Seabaugh seeks new Senate District 31 seat

Legislative redistricting this year created an expanded Senate District 31 to include all or parts of 10 parishes in north Louisiana. Currently Louie Bernard of Natchitoches is the senator from District 31, however Bernard recently announced he would not run for the new, expanded district.

State Representative Alan Seabaugh has decided to run for that seat. Seabaugh told The Journal he is a perfect fit. “I grew up there, it is where I deer hunt and fish, and I have family throughout the district,” said Seabaugh. He added, “My mom grew up I Natchitoches and Winn parishes, my dad in Sabine and my grandfather ran the sawmill in Zwolle. Both parents moved to Winnfield and my wife and I dated in high school. I proposed to my wife on the Natchitoches riverfront. I have family in every parish in the district.”

He describes himself politically as a “pretty conservative Republican.” Seabaugh said, “I am concerned about issues and voters can take a look at the record and see I have done a good job. I can get things done.”

Seabaugh discussed several top issues with The Journal. They were gun rights, right to life and jobs. He said “I have a 100% record of voting with the NRA and the Louisiana Shooters Association. I have a lot of guns and I strongly believe in people’s right to carry and to protect themselves.” Asked about “red flag laws” or other methods of preventing violence acts, Seabaugh said, “We have to be very careful. The right to keep and bear arms is in the Constitution and we are talking about taking away that right for some individuals who have not broken any law or done something wrong. I did pass a bill to impose enhanced penalties for a felon convicted of a violent crime and then commits another violent crime with a gun. We have to look at that (limiting constitutional rights) very, very carefully.”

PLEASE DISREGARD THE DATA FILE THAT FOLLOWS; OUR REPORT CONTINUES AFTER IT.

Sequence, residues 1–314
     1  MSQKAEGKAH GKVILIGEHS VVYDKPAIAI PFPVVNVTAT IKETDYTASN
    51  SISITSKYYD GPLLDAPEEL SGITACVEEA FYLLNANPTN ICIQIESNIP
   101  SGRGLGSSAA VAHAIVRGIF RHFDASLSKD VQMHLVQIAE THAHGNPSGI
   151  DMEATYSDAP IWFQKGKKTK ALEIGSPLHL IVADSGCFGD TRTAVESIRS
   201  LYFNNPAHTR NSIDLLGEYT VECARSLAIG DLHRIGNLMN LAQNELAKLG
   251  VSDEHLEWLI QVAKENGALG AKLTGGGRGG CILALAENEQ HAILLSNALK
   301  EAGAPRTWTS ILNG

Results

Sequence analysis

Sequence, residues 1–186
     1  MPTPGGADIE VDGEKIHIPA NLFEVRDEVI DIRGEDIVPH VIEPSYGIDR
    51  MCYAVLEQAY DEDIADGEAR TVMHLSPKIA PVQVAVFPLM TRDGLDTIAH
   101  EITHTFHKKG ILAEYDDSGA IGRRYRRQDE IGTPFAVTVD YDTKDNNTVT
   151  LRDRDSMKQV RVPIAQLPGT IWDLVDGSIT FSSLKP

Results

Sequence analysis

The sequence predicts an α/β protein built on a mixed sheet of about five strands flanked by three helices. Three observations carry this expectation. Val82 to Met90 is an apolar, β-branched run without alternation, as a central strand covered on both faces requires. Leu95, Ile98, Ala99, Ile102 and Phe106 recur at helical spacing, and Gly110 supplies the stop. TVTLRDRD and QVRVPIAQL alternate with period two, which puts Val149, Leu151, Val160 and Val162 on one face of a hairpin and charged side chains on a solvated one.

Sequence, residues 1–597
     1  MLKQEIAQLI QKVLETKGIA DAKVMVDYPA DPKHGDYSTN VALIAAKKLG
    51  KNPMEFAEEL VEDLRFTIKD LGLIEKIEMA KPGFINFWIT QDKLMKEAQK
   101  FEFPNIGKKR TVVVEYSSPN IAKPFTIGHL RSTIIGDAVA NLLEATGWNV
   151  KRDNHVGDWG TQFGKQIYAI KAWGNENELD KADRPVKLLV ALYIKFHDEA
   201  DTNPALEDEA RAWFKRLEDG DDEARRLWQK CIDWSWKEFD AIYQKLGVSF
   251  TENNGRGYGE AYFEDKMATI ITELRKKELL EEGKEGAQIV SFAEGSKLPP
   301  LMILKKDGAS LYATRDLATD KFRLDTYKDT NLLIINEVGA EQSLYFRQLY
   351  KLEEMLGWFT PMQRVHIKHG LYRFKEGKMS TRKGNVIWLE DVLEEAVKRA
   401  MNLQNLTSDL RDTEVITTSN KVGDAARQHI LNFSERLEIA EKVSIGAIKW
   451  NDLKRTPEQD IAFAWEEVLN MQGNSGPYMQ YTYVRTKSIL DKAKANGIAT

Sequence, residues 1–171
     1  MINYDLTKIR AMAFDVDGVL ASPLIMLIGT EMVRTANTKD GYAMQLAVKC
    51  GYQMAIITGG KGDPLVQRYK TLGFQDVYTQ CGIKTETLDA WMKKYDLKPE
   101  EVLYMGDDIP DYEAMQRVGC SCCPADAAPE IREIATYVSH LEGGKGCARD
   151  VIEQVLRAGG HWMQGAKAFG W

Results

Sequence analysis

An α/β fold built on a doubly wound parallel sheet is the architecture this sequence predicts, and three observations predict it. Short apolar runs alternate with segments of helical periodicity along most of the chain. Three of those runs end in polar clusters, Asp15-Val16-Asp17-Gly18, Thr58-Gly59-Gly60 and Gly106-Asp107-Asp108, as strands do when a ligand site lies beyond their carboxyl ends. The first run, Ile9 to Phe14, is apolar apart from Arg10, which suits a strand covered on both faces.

On the subject of right to life, Seabaugh said, “I have a 100% voting record in support of Louisiana Right to Life. I have carried bills for them, and I have co-authored most of their bills that passed.”

On jobs, Seabaugh has been recognized by the Louisiana Association of Business and Industry (LABI) for standing up for working families and opposing tax increases. Seabaugh said, “If you are concerned about jobs, talk to LABI.” He also has been named Legislator of the Year by the National Federation of Independent Businesses and other groups.

Traditionally open seats in the legislature tend to draw a crowd of candidates. The Journal asked Seabaugh how he intended to stand out. He said, “I agree, and I don’t want to try to keep other people from running. The district covers 10 parishes, and I don’t think anybody else is going to be able to cover all 10 parishes like I can. I would be very surprised if anyone has the inroads that I do. I have a legislative record that is pretty clear. I keep my promises, I work hard for my constituents, and I know how to get things done in Baton Rouge.”